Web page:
Monday, July 19, 2010

Fabric Decoded

Everyday we receive dozens of questions about fabrics.
"Is this fabric suitable for upholstery use?"
"What does the cleaning code 'S' mean?"
"What does it mean when a fabric has been discontinued?"
"Can this fabric be used outdoors?"
Among these questions, we also get quite a few... interesting ones.
"Can patent leather be used for swim shorts?"
"If I set this fabric on fire, how quickly will it burn?"
"Can you send me samples of camouflage fabric for use as a wedding dress?"
I can't explain everything in this article but I would like to address some of the more popular questions that get asked.

Drapery vs. Upholstery
The best way to tell if a fabric is suitable for upholstery use is to check its abrasion rating. An abrasion rating is a series of tests (usually Wyzenbeek or Martindale) that determines how many "rubs" it takes before a fabric begins to wear. The higher this number the more durable and long lasting your fabric will be. If there is not an abrasion rating listed on your fabric it usually means it was not tested to be an upholstery fabric and therefore is better suited for bedding, pillows, panels and draperies.
Cleaning Codes
Each fabric is manufactured with a cleaning code. this code determines what kind of stain removal method is best for your particular fabric. The codes are as follows:
"W" - Means to use a water-based or mild detergent solution and spot-clean. Use the foam only of a water-based cleaning agent to remove overall soil or stain. As most household cleaning solvents are harmful to the color and life of a fabric, cleaning by a professional is recommended.
"S" - Means to use solvent only and spot-clean in a well-ventilated room. Using a professional cleaning service is most recommended.
"SW" - Means to use either solvent or water-based cleaner. Use the foam only of a water-based cleaning agent or pure solvents in a well ventilated room. Using a professional cleaning service is most recommended.
"X" - Means vacuum only.

How Fabric is Measured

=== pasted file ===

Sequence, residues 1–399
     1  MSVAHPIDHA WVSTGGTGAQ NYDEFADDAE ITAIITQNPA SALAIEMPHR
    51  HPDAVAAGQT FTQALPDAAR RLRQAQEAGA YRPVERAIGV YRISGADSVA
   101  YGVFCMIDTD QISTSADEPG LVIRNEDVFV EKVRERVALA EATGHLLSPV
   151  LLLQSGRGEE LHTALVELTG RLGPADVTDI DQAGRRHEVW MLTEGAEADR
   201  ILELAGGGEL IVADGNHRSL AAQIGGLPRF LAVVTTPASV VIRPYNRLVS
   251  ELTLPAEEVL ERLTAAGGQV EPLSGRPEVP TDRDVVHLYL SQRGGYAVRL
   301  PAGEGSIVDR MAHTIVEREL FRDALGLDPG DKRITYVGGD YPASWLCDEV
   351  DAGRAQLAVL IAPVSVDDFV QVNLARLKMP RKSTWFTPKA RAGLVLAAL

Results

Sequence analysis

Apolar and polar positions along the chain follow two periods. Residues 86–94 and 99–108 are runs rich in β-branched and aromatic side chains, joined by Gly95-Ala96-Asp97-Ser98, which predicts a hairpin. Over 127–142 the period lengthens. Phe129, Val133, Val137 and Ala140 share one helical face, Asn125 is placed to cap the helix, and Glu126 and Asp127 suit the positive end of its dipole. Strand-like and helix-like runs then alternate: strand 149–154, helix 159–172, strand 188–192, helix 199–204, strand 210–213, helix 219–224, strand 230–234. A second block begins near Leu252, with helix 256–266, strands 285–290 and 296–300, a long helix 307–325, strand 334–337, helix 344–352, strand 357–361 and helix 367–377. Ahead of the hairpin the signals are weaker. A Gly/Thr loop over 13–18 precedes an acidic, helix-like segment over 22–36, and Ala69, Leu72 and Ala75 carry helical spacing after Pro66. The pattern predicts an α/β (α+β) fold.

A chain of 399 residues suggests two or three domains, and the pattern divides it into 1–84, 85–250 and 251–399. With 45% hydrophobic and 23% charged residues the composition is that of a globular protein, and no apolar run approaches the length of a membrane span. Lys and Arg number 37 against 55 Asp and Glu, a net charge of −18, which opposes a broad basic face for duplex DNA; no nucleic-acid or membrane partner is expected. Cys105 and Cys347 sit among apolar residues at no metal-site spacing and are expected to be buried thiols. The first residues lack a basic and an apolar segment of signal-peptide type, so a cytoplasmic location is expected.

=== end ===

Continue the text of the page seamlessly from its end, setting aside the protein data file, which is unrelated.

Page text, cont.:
Although this may seem like a no-brainer to a designer, we get asked a lot how fabrics are measured. A typical yard of fabric is the width, let's say 54", by the length 1 yard (or 36"). Although the widths of fabrics may vary, the length, one yard will always remain the same. One of the few fabrics that does not abide by this rule is leather. Leather fabrics are priced by the square foot and sold by either the half hide or the full hide. Hides will vary in size (depending on how large the animal was). A good rule of thumb when converting yards to square feet? 1 yd = 18 sq. ft.

Discontinued Fabrics
A discontinued fabric is a fabric that is no longer being carried by the mill that once produced it. A fabric can become discontinued for many reasons.
1.) It wasn't a good seller
2.) It is old
3.) The mill went out of business
4.) The mill can no longer get a hold of the pattern, yarns, dyes etc.
A good majority of our research requests are for discontinued patterns. Although we do not carry most discontinued patterns, we are sometimes successful in locating comparable fabrics. We have also found that Pattern A may be discontinued from Manufacturer A but may still be available from Manufacturer B.

Outdoor Fabrics
Outdoor fabrics are hugely popular and because of that we receive a lot of questions about them. Outdoor fabrics are those fabrics that can withstand UV exposure and weather. Each fabric that is suitable for outdoor use will have a UV Rating which lists how many hours a fabric can be in direct sunlight before fading will occur. No fabric is fade-proof and most manufacturers suggest covering or bring inside outdoor fabrics when not in use. Outdoor fabrics are also usually treated with some sort of Stain & Soil Repellent Finish. Fabrics suitable for outdoor use are usually very easy to clean, simply spot clean, and therefore hold up better to outdoor elements including pollen, dirt and rain. Another important rating to look for is whether or not it is Mold and Mildew Resistant. This is important because of weather elements that outdoor fabrics will face. You want a fabric that once wet, will dry quickly so that mold and mildew will not have the ability to form in or on your fabric.

Each fabric type requires different care and maintenance but with the right tools and information you can make any fabric last and last.
Post a Comment